Source: Radio Free Asia
Nepal's Himalaya Airlines has made history by becoming the first foreign airline to commence regular flights to Lhasa, the regional capital of Tibet. The airline's announcement signifies a significant milestone, as it is the first non-Chinese carrier to receive authorization for flights into Tibet.
The Kathmandu-based airline, a joint venture between Nepal and China, disclosed its plans to launch weekly flights between Kathmandu and Lhasa, marking a crucial step toward enhancing tourism prospects, according to a spokesperson speaking to Radio Free Asia. Emphasizing the exclusivity of this permission, the spokesperson highlighted that no other airline had received a similar privilege.
The inaugural flight, scheduled for Thursday, marks a significant stride for Himalaya Airlines. Amid China's growing economic and political influence in Nepal, this venture holds promise for bolstering tourism, particularly to revered pilgrimage sites like Mount Kailash and Lake Manasarovar in southwest Tibet.
However, concerns have been raised regarding the plight of Tibetan refugees in Nepal. A recent report from the Asian Dignity Initiative and Tibetan Centre for Human Rights and Democracy suggests that Nepal has become increasingly inhospitable for Tibetan refugees, curbing their fundamental rights.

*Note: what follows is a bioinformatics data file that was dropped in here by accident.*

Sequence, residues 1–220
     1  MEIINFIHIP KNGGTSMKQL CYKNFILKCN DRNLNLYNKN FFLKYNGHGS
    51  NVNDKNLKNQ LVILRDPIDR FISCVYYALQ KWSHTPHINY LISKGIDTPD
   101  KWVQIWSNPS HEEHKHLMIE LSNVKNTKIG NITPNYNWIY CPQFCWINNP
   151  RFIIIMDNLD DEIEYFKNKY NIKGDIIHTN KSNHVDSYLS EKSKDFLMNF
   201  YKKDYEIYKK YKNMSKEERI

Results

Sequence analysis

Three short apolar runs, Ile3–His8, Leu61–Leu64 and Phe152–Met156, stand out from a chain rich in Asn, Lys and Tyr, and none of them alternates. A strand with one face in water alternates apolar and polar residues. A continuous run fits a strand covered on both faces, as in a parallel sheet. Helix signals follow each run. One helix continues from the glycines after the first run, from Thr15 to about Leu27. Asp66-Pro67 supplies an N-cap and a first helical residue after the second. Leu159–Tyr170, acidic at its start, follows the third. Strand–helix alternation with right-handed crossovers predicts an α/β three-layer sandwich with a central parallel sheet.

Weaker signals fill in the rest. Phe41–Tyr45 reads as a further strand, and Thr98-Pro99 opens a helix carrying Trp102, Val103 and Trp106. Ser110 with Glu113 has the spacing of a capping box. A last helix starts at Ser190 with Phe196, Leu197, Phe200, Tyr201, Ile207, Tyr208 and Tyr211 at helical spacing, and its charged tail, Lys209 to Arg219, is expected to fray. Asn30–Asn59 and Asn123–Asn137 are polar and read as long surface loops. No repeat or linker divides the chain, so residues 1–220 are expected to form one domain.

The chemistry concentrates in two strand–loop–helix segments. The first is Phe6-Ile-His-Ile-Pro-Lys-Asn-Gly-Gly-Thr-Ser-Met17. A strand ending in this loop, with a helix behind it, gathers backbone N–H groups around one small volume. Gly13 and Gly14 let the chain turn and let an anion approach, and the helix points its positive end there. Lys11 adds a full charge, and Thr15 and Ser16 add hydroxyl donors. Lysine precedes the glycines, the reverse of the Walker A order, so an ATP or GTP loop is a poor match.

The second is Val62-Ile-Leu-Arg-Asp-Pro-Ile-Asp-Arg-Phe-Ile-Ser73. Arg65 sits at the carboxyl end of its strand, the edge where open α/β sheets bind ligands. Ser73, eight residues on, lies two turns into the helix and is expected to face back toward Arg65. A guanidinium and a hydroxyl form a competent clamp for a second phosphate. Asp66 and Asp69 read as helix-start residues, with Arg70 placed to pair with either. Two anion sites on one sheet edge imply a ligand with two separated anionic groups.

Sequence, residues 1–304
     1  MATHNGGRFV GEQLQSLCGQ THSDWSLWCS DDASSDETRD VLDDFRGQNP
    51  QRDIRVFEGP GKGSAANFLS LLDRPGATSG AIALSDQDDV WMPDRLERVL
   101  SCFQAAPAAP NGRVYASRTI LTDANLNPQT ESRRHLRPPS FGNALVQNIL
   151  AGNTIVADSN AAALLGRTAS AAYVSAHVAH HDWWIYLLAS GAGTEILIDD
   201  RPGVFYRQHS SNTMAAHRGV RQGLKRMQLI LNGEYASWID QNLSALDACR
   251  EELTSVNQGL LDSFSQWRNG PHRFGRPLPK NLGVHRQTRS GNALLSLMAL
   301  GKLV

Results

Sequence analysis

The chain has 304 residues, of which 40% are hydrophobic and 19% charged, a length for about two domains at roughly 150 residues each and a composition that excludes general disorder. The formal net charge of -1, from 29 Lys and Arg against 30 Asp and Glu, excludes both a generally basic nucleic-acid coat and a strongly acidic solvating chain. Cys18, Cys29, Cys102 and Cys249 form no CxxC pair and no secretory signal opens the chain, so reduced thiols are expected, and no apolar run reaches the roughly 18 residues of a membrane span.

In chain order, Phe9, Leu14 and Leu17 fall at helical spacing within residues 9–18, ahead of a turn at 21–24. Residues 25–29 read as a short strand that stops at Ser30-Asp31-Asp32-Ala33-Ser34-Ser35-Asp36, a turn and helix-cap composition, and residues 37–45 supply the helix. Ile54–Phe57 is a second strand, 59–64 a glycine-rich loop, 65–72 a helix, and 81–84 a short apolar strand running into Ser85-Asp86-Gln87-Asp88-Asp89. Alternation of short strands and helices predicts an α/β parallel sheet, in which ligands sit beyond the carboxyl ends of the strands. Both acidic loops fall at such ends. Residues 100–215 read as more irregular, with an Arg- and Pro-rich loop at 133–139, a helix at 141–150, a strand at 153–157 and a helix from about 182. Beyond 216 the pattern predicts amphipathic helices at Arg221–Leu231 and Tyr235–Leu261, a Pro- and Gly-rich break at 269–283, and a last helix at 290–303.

The move by Himalaya Airlines to introduce flights to Lhasa comes amidst the airline's efforts to revitalize operations post-COVID-19. Recently, it expanded its routes into China and other Asian destinations, including Beijing, Shanghai, and Chongqing.
The airline's decision to venture into Lhasa is not only a strategic move to promote connectivity but also aligns with China's economic aspirations, notably the Belt and Road Initiative (BRI). Nepal, having signed a cooperation agreement with China in 2017 to participate in the BRI, sees this flight route as an opportunity to foster economic ties and people-to-people relations.
Nevertheless, accessing Tibetan destinations through Lhasa via Himalaya Airlines is expected to provide a more cost-effective and expedient option for tourists, particularly Nepali and Indian travelers heading to revered pilgrimage sites, contrasting the current overland routes.
Tourists intending to visit Lhasa or other areas in the Tibetan Autonomous Region will need to obtain a Tibet Travel Permit or Tibet Entry Permit, alongside a Chinese visa, underscoring the importance of adhering to requisite travel regulations.
Himalaya Airlines' decision to fly to Lhasa marks a momentous step in the aviation industry, facilitating easier access to sacred sites and potentially boosting tourism in the region, albeit amidst concerns surrounding the treatment of Tibetan refugees in Nepal.
Edited and collated by Team TRC